sufficient, etc.? How so? (Ch. 7)
3. Are the underlying assumptions or warrants reasonable and “universally” accepted? Do
they successfully bridge the claim and support together? Yes/no? Why/why not? (Ch. 8)
4. Do you find any common logical fallacies? Be specific. (Ch. 11, 315, bottom-325)
5. How do you rate the author’s overall effectiveness in arguing to its intended audience?
What would you do differently, if anything, in terms of rhetorical strategy? Be specific.
*Reminder: Properly attribute paraphrasing and quotations to the author/argument chosen and
cite each in MLA style within the paper and the entire argument or essay in the Works Cited page.
See Chs. 4 (124-129) + Ch. 14, (399-410—esp. 403 for anthologies)
How to submit / Due date:
Submit final copy printed and stapled, w/drafting, etc. behind final draft on due date in class.
Use black, standard font and double-space. (For MLA-style formatted paper, see Ch. 14, 412-416)
Length is approximate: 2-3 pages, incl. pre-writing, drafting
Due Week 8 (See syllabus for details)
First-year Comp. / Eng. 102
Analysis / Evaluation of an Argument /
Sample Paper for Project 2
The following sample paper is based on the Project 2 Guidelines. Use the guidelines as a checklist as you
review this paper: Pay close attention to how the author and each element (claim, support, assumptions /
warrants, logical fallacies, etc.) are introduced, properly attributed, and analyzed through a
combination of summary, paraphrase, and/or quotation.
*Note: Textbook argument selected is “Stop Calling Quake Victims Looters” by Guy-Uriel Charles (252).
Informal Outline for this Sample Paper:
Part 1: several paragraphs—likely longer than Part 2
Introduce author + topic of argument
State thesis or writer’s own position toward argument’s content and form + rhetorical efficacy
Methodical identification of claim, support, and (at least one) warrant or underlying assumption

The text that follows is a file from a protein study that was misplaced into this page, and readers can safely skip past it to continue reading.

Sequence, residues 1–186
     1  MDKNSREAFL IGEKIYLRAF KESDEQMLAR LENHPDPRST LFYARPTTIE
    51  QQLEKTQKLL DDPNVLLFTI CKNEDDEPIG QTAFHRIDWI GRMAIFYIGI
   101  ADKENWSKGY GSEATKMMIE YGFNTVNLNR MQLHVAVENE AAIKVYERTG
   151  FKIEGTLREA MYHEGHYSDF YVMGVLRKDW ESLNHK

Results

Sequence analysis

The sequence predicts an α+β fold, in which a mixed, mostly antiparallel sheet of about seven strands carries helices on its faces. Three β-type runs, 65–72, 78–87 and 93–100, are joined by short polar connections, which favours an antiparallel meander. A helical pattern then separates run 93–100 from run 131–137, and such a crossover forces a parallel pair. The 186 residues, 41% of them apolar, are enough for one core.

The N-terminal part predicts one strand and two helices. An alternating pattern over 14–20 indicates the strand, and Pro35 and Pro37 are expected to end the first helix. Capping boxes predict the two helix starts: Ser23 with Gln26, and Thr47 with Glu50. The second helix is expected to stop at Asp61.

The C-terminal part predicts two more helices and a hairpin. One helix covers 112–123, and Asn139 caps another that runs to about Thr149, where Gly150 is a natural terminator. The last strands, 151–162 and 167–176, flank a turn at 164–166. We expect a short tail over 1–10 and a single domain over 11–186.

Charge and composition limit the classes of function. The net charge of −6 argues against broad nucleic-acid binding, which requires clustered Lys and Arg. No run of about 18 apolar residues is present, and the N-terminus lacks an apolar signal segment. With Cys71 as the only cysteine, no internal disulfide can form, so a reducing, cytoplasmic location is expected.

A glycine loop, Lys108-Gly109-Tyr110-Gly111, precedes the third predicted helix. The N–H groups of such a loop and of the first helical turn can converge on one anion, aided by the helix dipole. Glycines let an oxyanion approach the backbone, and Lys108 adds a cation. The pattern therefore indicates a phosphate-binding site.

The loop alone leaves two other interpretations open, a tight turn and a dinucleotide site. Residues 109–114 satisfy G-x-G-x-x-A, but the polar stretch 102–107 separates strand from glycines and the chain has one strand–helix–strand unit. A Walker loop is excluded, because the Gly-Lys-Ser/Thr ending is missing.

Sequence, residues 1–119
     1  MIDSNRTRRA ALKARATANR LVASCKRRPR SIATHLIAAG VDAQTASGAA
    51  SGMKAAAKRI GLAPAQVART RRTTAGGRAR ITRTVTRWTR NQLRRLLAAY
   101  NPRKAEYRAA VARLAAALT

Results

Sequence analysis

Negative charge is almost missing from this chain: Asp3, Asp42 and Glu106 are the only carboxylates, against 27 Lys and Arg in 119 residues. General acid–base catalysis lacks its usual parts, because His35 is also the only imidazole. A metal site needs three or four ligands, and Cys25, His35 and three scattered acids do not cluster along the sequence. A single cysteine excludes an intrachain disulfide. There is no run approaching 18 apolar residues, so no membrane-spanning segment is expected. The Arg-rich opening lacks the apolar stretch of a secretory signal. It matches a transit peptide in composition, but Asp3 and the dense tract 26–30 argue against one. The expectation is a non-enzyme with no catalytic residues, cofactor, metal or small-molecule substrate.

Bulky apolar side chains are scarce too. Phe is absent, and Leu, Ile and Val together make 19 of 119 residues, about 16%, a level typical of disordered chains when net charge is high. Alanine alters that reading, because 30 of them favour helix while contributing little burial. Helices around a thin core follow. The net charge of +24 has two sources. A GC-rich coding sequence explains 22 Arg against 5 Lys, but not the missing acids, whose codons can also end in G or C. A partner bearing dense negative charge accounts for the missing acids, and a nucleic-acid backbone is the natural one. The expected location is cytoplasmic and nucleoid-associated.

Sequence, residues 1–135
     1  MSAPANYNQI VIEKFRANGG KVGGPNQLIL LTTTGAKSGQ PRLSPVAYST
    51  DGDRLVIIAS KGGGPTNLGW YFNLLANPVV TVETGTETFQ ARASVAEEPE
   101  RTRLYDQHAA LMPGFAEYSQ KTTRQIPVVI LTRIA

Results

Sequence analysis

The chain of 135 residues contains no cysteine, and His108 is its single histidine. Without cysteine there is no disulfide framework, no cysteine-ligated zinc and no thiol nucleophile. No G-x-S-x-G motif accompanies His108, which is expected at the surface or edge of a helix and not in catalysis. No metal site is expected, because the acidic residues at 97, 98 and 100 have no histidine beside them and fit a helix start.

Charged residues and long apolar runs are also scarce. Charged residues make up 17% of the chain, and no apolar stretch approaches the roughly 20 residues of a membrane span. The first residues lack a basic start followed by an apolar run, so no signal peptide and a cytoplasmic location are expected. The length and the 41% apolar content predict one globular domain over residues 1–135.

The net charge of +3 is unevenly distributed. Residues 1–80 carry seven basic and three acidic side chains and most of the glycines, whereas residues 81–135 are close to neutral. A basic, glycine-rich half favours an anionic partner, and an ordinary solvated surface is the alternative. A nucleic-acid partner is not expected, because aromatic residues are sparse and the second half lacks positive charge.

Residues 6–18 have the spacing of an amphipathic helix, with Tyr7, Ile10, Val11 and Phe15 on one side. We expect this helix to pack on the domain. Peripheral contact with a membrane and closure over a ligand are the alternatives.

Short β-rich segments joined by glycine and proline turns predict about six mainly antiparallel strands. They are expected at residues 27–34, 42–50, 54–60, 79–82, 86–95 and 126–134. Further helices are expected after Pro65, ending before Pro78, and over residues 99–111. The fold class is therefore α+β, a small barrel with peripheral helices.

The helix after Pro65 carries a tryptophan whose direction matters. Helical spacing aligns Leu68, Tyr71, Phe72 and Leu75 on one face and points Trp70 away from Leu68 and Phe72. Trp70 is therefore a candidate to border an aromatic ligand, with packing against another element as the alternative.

by use of summary, paraphrase, and quotation to illustrate each element + its type
*Evaluative comments in this part should be objective or “neutral” in tone
Part 2: about two paragraphs—likely shorter than Part 1
• Demonstrate the argument’s effectiveness by referring again to the elements of argument and how
successful they are in service to the author’s goal to persuade the reader
• Utilize the questions (1-5) outlined in the Project 2 Guidelines to guide you in composing this
• Evaluative commentary—your tone may be positive, negative or both
Part 1 begins…Objective analysis / identification of rhetorical elements
Disaster Victims or “Looters”?
In his 2010 article for CNN titled, “Stop Calling Quake Victims Looters,” law professor and
founder of the Center on Law, Race, and Politics at Duke University, Guy-Uriel Charles simply and
eloquently calls for all news sources to end their practice of labeling disaster victims as criminals without
the benefit of any legal authority or conviction. The article, written soon after the 2010, 7.0 magnitude
earthquake which claimed an estimated 300,00 victims in Haiti, provides ample proof of this unjust
practice not only with respect to Haiti but also in the context of past disasters in the U.S. such as hurricane
Katrina, which occurred in 2005 (Pallardy).
A close analysis not only of the dramatic content of Charles’s argument, but also of the various
elements of arguments which he utilizes to shape it, reveals that as a writer he masterfully draws in his
audience and achieves his goal. The argument’s most obvious—and regrettable—shortcoming is that it
does not provide a clear path for correcting the problem he identifies; that is, how reporters or
photojournalists can develop the sort of legal sophistication he calls for is never fully addressed.